UBC Theses and Dissertations

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UBC Theses and Dissertations

Dadaist crisis in the sixteenth century Poirier, Joseph George Maurice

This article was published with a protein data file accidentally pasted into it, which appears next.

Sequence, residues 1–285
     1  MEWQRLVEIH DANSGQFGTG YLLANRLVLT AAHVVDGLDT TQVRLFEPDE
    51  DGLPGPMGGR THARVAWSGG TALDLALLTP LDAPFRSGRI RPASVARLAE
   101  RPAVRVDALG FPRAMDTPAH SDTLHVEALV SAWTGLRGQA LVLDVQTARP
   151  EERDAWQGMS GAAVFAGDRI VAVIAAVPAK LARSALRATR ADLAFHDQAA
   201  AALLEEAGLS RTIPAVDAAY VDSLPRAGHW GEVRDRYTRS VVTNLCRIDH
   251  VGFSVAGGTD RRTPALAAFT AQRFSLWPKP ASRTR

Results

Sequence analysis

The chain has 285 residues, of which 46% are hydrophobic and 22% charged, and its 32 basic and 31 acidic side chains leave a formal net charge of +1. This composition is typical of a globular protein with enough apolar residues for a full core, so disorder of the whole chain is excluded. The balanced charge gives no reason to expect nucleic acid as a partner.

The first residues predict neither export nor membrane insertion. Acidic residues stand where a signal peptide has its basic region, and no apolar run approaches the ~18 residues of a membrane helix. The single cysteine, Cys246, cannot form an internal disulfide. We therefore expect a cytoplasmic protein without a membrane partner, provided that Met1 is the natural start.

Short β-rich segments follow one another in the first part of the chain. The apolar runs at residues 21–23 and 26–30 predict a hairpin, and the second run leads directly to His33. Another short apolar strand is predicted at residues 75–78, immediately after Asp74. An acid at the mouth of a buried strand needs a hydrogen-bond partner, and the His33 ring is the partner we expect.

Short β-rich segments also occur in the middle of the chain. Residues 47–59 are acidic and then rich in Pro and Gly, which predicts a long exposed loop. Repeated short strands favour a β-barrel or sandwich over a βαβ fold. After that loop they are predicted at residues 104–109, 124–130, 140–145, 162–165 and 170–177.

The purpose of this thesis is to present a new approach to the art of Rosso and Pontormo and to suggest a new interpretation to its controversial character. The first part is essentially a preparation to the main discussion: the notion of Spirituality, necessary to a full understanding of the art of Rosso and Pontormo, is first developed, followed by an extensive study of the primary "will" which was guiding the classic painter in his major realizations. The second part discusses the art of Rosso and Pontormo. The object here is to demonstrate that in a reasonably large number of their works we can detect a distinct will to awake feelings of incongruity, abnormality, strangeness in the beholder, and to perplex, disturb, frustrate and even shock him. This will is defined as the new will. After an expose of the latter, the art of Rosso is taken up, followed by the art of Pontormo. Eight works by Rosso and eleven by Pontormo are discussed individually. The method of analysis followed extensively takes into account the fact that the revolutionary art of those artists made its apparition in an essentially classicizing atmosphere. The third part attempts to explain what may have caused the new will to germinate in Pontormo and Rosso. A first chapter is devoted to showing that corruption, at the height of the Renaissance, pervaded the Italian clergy from top to bottom. In a second chapter, documents are brought up to the support of the fact that a reformation of the clergy was the great spiritual need of that age. It is also pointed out that the whole of the Italian society of that time, indeed, was morally deteriorating at an alarming rate. A final chapter describes how, under the effect mainly of the new dignity awakened in them by their recent recognition as liberal artists, Pontormo and Rosso would have subconsciously awakened to such a state of affairs. They would have realized, among other abnormalities, that Christian art, essentially meant to promote the spiritual advancement of society, was not helping to solve the great spiritual demand of their age, nor was it truly helping society as a whole, although it had just reached an unprecedented degree of perfection. Disillusion and despair would have followed, ultimately engendering, at least at the pre-conscious level, a bitter resentment against society in general which was failing to respond as it should to the artist's message. The will to turn the work of art against society by making it disturbing, frustrating and even shocking would have been the direct result of such a resentment. The thesis concludes by pointing out some important similarities between the art of Rosso and Pontormo and the modern Dadaist movement.

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